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פותח על ידי קלירמאש פתרונות בע"מ -
The role of nitrogen in photosynthetic acclimation to elevated [CO2] in tomatoes
Year:
2019
Source of publication :
Plant and Soil
Authors :
אגבאריה, איימן
;
.
בר-טל, אשר
;
.
גרנות, דוד
;
.
הלפרן, משה
;
.
ירמיהו, אורי
;
.
לוגסי, ניצן
;
.
Volume :
434
Co-Authors:
Facilitators :
From page:
397
To page:
411
(
Total pages:
15
)
Abstract:

Background: Although elevated [CO2] causes an increase of photosynthesis in the short-term, this increase is often attenuated over time due to decreased photosynthetic capacity of the leaf in a process called photosynthetic acclimation to elevated CO2 (PAC). PAC is often accompanied by N deficiency and sink:source imbalance. The aim of this study is to investigate mechanisms that lead to PAC, N deficiency and sink:source imbalance in tomato plants grown in elevated [CO2] and how they are affected by different levels of N treatments. Methods: Two long-term experiment and two short-term experiments were conducted in which tomato plants were grown in chambers with ambient [CO2] and elevated [CO2] combined with different levels of N nutrition. The following parameters were measured: 1) Biomass 2)Leaf N, P and K concentrations, 3) leaf NO3 − concentration, 4) Gas exchange 5) Rubisco expression and 6) Leaf starch concentration. Results: Plants grown at e[CO2] had increased biomass and starch, and decreased gas exchange, stomatal conductivity, Rubisco expression, Vcmax, NPK and leaf NO3 −. Increasing N fertilization counteracted many of the effects of elevated [CO2]. Conclusions: PAC was caused by decreased N uptake or transport coupled with increased growth which leads to N deficiency and a sink:source imbalance. Increased N fertilization counteracted the effect of e[CO2] on photosynthesis, N status, and sink:source imbalance. Furthermore, elevated [CO2] caused stomata to partially close, which accounted for some of the PAC observed. © 2018, Springer Nature Switzerland AG.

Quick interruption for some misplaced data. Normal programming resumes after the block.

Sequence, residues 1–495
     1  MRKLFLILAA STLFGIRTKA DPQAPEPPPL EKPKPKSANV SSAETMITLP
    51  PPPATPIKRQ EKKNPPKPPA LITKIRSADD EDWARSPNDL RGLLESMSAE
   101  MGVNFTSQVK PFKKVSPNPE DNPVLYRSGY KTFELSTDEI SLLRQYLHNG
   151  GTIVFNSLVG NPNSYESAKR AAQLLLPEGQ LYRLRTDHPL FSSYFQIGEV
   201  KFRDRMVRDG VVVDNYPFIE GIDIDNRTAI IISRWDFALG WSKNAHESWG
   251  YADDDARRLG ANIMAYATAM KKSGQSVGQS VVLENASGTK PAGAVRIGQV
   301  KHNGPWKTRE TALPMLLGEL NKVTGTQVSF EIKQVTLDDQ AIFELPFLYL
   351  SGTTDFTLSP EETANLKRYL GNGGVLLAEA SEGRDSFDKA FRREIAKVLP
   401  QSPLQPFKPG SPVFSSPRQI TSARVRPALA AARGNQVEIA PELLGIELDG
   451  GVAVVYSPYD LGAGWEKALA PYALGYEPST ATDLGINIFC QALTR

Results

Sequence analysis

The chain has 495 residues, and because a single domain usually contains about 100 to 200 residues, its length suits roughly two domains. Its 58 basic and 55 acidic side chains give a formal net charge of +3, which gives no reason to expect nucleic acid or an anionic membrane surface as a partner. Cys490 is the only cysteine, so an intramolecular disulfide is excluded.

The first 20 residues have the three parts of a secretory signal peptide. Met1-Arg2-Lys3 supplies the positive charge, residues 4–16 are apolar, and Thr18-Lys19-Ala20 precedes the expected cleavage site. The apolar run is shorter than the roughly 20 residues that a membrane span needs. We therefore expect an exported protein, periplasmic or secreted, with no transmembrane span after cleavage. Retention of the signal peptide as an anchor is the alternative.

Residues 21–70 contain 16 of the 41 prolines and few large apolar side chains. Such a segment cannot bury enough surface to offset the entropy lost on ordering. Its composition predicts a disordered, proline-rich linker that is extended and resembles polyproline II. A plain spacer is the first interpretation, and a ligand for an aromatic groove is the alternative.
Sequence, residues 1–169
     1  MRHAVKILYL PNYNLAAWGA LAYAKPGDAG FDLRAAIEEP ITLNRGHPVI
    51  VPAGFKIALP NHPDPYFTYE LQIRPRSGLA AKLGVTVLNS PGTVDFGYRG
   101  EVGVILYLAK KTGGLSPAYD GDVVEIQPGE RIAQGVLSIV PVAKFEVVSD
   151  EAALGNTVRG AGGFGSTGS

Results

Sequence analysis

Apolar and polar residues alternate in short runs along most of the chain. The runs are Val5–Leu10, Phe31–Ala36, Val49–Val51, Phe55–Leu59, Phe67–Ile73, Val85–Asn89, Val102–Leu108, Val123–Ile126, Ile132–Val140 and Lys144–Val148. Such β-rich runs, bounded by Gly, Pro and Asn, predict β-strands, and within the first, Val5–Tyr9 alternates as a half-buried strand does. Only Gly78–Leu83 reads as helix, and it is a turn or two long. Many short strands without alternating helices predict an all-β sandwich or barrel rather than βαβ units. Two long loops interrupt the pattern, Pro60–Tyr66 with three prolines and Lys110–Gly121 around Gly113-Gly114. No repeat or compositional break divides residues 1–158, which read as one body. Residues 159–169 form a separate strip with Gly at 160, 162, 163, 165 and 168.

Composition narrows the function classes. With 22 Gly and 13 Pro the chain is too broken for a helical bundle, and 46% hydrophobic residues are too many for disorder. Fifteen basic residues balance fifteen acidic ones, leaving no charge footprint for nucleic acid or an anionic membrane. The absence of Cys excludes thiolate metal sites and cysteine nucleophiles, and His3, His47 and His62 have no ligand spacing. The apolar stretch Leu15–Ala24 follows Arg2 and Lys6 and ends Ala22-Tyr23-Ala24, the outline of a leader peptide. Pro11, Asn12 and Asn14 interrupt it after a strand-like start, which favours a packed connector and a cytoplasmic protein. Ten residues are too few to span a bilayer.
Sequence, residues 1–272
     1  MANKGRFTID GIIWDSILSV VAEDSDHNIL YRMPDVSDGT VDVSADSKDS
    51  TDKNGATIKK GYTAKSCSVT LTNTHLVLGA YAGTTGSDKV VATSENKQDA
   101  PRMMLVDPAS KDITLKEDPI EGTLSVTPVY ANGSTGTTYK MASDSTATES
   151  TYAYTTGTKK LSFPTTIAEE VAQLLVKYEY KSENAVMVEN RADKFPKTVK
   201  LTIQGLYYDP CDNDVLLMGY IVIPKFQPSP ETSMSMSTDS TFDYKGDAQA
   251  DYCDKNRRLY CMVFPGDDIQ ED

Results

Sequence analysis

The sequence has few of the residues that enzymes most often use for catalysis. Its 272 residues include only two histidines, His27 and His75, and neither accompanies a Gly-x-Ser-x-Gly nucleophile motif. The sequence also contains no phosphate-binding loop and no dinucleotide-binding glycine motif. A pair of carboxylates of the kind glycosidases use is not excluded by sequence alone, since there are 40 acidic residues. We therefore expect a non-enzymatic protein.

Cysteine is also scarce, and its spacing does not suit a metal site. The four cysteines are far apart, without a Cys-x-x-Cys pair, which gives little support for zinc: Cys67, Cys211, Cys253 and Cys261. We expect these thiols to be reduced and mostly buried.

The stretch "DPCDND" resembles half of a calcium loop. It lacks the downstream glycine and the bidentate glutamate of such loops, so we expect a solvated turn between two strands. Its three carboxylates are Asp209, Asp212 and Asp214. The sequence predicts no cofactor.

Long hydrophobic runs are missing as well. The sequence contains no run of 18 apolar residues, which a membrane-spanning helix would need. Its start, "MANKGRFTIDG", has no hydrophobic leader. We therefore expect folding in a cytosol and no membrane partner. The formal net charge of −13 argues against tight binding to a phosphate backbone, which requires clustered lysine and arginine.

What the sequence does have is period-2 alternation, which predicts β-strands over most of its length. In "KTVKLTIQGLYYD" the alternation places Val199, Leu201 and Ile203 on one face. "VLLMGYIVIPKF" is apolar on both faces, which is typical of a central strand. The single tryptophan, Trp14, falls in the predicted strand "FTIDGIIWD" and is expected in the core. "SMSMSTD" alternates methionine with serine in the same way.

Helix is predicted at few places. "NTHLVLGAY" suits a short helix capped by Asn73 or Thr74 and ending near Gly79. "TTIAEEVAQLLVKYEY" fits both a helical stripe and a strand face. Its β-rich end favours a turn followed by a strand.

Note:
Related Files :
Carbon dioxide
nitrogen assimilation
nitrogen uptake
photosynthesis
Sink:Source
Solanum lycopersicum
stomata
tomato
עוד תגיות
תוכן קשור
More details
DOI :
10.1007/s11104-018-3857-5
Article number:
0
Affiliations:
Database:
סקופוס
Publication Type:
מאמר
;
.
Language:
אנגלית
Editors' remarks:
ID:
38073
Last updated date:
02/03/2022 17:27
Creation date:
19/11/2018 09:54
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Scientific Publication
The role of nitrogen in photosynthetic acclimation to elevated [CO2] in tomatoes
434
The role of nitrogen in photosynthetic acclimation to elevated [CO2] in tomatoes

Background: Although elevated [CO2] causes an increase of photosynthesis in the short-term, this increase is often attenuated over time due to decreased photosynthetic capacity of the leaf in a process called photosynthetic acclimation to elevated CO2 (PAC). PAC is often accompanied by N deficiency and sink:source imbalance. The aim of this study is to investigate mechanisms that lead to PAC, N deficiency and sink:source imbalance in tomato plants grown in elevated [CO2] and how they are affected by different levels of N treatments. Methods: Two long-term experiment and two short-term experiments were conducted in which tomato plants were grown in chambers with ambient [CO2] and elevated [CO2] combined with different levels of N nutrition. The following parameters were measured: 1) Biomass 2)Leaf N, P and K concentrations, 3) leaf NO3 − concentration, 4) Gas exchange 5) Rubisco expression and 6) Leaf starch concentration. Results: Plants grown at e[CO2] had increased biomass and starch, and decreased gas exchange, stomatal conductivity, Rubisco expression, Vcmax, NPK and leaf NO3 −. Increasing N fertilization counteracted many of the effects of elevated [CO2]. Conclusions: PAC was caused by decreased N uptake or transport coupled with increased growth which leads to N deficiency and a sink:source imbalance. Increased N fertilization counteracted the effect of e[CO2] on photosynthesis, N status, and sink:source imbalance. Furthermore, elevated [CO2] caused stomata to partially close, which accounted for some of the PAC observed. © 2018, Springer Nature Switzerland AG.

Scientific Publication
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